NATO's biggest exercise since Cold War draws protests in Norway
Oslo : Rallies were held in Norway on Saturday to protest against NATO's biggest military exercise since the end of the Cold War in the Nordic country.
In Norway's capital city Oslo, about 1,000 protesters gathered at the Eidsvoll Square in the city centre to voice their opposition to the ongoing Trident Juncture 2018 exercise, which involves around 50,000 participants from all 29 NATO member nations and its partners Sweden and Finland.
Most of the demonstrators were from a group called "Oslo for Action against NATO," which comprises 27 affiliated organisations, including some left-wing political parties and the Oslo chapter of Norway's largest trade union confederation LO.
"The exercise is actually not good for the security of the Norwegian people," Geir Hem, organiser of the event, told Xinhua.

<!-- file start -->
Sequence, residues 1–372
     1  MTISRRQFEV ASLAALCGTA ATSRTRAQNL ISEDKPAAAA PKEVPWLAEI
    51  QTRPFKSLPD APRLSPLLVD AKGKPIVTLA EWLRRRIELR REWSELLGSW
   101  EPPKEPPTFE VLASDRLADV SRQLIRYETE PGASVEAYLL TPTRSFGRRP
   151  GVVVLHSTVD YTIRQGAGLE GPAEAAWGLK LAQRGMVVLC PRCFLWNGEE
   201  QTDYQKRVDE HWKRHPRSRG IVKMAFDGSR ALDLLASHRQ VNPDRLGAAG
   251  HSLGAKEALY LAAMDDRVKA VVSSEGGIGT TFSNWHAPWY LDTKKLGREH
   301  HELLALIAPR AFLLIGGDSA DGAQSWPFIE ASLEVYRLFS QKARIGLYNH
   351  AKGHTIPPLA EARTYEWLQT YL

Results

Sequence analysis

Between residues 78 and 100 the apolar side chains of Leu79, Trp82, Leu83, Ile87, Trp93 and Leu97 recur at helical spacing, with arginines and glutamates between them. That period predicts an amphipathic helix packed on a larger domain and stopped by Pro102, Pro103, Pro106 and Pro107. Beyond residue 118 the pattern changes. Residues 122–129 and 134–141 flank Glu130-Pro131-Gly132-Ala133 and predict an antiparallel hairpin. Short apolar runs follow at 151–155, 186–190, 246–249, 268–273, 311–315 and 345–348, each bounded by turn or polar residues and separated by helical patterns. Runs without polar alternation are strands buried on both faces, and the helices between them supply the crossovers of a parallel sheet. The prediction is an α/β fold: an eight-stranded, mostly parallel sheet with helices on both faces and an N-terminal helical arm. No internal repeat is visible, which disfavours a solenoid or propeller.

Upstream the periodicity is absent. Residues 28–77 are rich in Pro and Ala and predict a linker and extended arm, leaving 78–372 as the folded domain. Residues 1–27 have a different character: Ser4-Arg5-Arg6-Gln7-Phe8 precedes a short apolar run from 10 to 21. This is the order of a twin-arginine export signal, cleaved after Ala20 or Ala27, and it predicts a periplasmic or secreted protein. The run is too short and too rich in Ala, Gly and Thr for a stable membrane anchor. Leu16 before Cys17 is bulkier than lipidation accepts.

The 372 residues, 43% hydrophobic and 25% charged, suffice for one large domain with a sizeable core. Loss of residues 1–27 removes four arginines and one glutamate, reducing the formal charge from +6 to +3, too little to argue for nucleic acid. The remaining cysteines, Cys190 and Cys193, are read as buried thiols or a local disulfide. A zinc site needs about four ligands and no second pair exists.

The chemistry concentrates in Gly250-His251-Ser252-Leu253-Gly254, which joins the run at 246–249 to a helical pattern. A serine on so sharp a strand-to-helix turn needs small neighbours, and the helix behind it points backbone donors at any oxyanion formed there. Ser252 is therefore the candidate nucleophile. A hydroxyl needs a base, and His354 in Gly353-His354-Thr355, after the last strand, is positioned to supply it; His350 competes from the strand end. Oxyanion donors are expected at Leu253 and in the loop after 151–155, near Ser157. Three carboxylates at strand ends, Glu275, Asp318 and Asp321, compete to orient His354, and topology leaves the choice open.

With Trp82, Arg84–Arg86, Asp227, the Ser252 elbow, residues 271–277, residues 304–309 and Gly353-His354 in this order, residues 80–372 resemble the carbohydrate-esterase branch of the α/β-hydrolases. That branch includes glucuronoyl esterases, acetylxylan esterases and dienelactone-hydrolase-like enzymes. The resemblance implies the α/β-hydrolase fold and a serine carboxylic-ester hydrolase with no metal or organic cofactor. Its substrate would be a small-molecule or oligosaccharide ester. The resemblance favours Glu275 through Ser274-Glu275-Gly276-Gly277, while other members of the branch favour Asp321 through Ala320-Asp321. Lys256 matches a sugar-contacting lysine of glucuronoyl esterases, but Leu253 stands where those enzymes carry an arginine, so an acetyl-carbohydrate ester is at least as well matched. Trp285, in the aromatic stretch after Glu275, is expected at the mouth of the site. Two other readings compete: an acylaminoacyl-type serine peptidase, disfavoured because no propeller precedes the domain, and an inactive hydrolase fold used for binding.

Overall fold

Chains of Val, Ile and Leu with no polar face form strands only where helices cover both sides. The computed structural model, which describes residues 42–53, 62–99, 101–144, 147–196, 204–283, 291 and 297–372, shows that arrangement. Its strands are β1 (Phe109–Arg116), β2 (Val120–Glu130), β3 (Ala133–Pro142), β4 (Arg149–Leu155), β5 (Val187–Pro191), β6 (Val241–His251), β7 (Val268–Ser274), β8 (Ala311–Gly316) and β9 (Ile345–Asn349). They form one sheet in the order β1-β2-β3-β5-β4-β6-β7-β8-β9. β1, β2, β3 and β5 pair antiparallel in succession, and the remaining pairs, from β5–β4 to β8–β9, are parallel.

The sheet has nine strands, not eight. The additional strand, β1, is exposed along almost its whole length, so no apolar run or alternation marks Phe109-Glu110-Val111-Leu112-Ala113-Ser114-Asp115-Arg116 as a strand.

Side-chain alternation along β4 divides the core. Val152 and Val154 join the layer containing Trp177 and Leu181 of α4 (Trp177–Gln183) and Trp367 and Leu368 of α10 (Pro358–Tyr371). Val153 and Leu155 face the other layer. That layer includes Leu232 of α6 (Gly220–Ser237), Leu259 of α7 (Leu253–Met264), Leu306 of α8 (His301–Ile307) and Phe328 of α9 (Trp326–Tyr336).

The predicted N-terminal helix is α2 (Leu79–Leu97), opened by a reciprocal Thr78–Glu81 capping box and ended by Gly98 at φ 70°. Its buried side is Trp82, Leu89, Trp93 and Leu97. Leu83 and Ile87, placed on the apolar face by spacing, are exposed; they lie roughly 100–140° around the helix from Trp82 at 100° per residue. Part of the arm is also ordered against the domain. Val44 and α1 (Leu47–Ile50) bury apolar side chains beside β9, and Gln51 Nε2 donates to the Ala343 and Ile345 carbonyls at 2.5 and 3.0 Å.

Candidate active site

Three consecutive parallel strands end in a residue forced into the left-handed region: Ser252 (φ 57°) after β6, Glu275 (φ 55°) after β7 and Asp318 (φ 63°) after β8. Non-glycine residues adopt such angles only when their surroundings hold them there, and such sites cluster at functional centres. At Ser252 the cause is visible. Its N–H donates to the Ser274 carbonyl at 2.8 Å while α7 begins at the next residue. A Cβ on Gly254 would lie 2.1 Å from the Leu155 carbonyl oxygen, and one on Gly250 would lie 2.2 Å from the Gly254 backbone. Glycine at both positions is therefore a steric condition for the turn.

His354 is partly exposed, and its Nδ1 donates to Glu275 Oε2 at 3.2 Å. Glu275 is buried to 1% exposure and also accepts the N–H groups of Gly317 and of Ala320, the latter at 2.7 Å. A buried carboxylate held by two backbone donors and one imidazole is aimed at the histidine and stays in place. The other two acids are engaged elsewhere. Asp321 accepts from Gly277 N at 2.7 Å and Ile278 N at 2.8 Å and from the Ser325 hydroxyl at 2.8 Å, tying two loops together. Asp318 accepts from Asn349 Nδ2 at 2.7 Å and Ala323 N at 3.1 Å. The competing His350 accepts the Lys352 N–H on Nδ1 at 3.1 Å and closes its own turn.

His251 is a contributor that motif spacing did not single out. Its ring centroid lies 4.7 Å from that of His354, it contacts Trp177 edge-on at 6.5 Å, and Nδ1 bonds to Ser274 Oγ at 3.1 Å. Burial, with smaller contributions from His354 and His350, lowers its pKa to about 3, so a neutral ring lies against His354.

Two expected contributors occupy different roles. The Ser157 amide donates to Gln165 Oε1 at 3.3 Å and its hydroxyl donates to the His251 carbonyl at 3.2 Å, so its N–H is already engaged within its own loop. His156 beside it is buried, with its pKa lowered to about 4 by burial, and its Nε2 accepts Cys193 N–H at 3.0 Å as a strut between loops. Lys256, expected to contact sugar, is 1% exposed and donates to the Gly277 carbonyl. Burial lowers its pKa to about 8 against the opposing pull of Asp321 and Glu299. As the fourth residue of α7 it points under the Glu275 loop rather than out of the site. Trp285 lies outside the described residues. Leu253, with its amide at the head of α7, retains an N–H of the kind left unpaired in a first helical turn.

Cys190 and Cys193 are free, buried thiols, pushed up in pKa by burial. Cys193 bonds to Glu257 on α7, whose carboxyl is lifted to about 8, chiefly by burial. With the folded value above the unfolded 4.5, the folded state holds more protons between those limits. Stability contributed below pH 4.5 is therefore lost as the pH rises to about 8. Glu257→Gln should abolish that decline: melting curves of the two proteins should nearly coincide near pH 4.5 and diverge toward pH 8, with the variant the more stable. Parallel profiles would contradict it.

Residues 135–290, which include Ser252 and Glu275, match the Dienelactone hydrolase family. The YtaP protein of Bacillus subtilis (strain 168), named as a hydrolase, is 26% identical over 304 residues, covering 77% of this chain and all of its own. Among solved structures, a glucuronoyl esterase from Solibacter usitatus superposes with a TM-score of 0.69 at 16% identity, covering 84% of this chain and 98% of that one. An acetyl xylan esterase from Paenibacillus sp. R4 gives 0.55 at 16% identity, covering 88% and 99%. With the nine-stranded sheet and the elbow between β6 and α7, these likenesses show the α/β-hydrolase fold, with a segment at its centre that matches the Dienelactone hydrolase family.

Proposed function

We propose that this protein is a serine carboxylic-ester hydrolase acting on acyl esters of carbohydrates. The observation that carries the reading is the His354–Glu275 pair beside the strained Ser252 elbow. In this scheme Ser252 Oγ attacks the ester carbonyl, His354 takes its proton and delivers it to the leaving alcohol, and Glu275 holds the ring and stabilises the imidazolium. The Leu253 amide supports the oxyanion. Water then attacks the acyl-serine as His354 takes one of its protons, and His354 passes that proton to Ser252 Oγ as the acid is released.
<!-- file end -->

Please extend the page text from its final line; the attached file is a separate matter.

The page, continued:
"It's part of the militarization and escalating the danger of war," Hem said. "It's kind of preparing Norway to be a battlefield and not to defend the people in Norway."
Anti-NATO protests were also organised on Saturday in Bergen, Norway's second largest city, and the southern city of Kristiansand. A similar demonstration was held last week in Trondheim in central Norway.
The Trident Juncture 2018 exercise takes place from October 25 to November 7 in central and eastern Norway and the surrounding areas of the North Atlantic and the Baltic Sea, including Iceland and the airspace of Finland and Sweden.
Russia has said the NATO drills in Northern Europe are obviously anti-Russian and they lead to deterioration of military and political situation in the region, according to Russia's Sputnik news agency.
"It is obvious that this fighting capabilities demonstration has a distinct anti-Russian character," the Russian Foreign Ministry's Information and Press Department was quoted as saying in a statement on Thursday.
"It has a negative effect on the security of all the neighbouring countries," it said.